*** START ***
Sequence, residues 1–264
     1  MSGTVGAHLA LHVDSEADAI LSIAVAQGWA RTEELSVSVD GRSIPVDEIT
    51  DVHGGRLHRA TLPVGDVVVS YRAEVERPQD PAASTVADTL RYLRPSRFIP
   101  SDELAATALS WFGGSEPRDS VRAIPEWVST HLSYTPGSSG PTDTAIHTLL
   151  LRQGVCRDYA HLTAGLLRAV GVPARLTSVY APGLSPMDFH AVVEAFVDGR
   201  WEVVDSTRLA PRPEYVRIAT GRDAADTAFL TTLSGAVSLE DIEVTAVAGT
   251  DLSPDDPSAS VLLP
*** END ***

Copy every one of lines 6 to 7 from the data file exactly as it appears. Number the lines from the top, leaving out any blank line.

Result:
   201  WEVVDSTRLA PRPEYVRIAT GRDAADTAFL TTLSGAVSLE DIEVTAVAGT
   251  DLSPDDPSAS VLLP